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New England's Next Storm to Bring Heavy Rain, Thunderstorms on Friday

Updated: Aug 4, 2023

After a nice break from rainy weather, another system is approaching New England. This storm, while not looking as potent as some of our previous systems, will have the chance to produce strong thunderstorms and heavy downpours at the end of this week.


Warm, humid air will be pumped into the region ahead of the system's cold front. This will ramp up the amount of moisture in the atmosphere and allow for increased clouds and perhaps morning showers. This increased cloud cover will do two things for Friday: limit temperatures to the low to mid 70s and limit the amount of instability for afternoon thunderstorms to be able to become severe.

With this limitation on the strength of thunderstorms, an outbreak of severe weather is not expected. Southern Vermont and Western Massachusetts will have the greatest chance to see some severe thunderstorms. Overall, a majority of storms should remain sub-severe. Strong winds and hail will be the main threats. The large hail risk is higher than it has been for this summer, with a 15% chance of large hail in the areas in yellow on the map below, and a 5% chance across the areas in dark green on the map.

With dew points approaching 70 degrees for much of New England Friday, there will be plenty of moisture for storms to work with. The biggest threat in these storms will be torrential downpours. While the setup isn't as conducive for the type of rainfall we've seen from storms in July, there will be enough moisture in the atmosphere to produce localized heavy rain in storms leading to some flooding issues. Pretty much all of New England will have a chance to see heavy downpours Friday.

There could be a widespread inch of rain across New England with locally higher amounts in areas that get stuck under torrential downpours. Storm training will be possible where multiple storms travel over the same areas again and again.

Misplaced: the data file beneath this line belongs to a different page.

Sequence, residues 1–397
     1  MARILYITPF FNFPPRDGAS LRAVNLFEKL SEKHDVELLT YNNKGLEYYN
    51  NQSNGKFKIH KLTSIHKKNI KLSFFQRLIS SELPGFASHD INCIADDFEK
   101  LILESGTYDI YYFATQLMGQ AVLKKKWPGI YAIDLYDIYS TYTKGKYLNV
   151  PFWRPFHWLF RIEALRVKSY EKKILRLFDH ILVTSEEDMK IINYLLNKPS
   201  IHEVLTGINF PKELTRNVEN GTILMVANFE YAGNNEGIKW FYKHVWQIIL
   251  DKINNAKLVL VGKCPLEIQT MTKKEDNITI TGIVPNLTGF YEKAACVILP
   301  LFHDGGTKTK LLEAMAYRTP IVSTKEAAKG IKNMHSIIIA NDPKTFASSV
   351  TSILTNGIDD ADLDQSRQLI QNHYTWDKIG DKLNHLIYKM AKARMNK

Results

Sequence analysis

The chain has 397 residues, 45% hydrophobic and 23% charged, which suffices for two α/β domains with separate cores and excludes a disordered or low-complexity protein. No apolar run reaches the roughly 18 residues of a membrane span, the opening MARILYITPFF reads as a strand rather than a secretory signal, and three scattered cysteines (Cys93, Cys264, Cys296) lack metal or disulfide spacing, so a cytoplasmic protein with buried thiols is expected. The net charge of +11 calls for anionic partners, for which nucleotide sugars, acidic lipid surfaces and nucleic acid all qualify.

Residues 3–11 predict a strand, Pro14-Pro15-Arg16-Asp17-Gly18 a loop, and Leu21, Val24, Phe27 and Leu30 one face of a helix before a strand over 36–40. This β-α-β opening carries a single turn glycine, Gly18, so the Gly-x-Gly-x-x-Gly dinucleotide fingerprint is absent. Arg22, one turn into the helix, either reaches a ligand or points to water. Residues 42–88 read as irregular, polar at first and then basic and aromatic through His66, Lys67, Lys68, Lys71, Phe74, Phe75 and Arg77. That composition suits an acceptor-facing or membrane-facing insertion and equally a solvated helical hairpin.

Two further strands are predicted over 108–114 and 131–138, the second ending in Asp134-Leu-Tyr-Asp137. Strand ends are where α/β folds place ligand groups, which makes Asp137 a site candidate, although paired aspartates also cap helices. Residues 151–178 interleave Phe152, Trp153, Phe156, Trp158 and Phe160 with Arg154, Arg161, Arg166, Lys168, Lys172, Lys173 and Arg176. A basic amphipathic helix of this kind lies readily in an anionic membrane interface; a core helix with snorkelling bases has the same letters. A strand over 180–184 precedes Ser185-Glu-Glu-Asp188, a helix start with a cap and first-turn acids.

While showers and storms will possible all day, the storms will generally become more widespread after the morning. The most storms will fire up in the afternoon and evening as the cold front crosses the region. The exception may be northern Vermont. Depending on what exactly happens with storms on Thursday night, that area may see more limited activity on Friday. That's why this area is left out of the highest strong storm and flooding categories on the maps above.

It looks like the main line of storms connected to the cold front will enter western areas around mid-afternoon and track southeast. Storms will be most potent in these western areas with storms likely weakening at least somewhat as they travel eastward.

HRRR showing where the main line of storms is expected to be this evening:


This storm system is progressive, and will begin to exit the region early Saturday morning. Much of New England has another very nice weekend on the way with seasonable temperatures and lower humidity. Eastern Maine may see some lingering thunderstorms on Saturday as the system continues to pull away, but the rest of New England is looking mainly dry.


Humidity and temperatures will increase into the early part of next week. The region's next thunderstorm day is looking to be Tuesday as another system moves into the area. As per usual, it looks like these storms will have the chance to drop torrential rainfall and create localized flooding issues. Things look to dry out after Tuesday with the humidity roller coaster continuing as dew points once again drop following Tuesday's storms.



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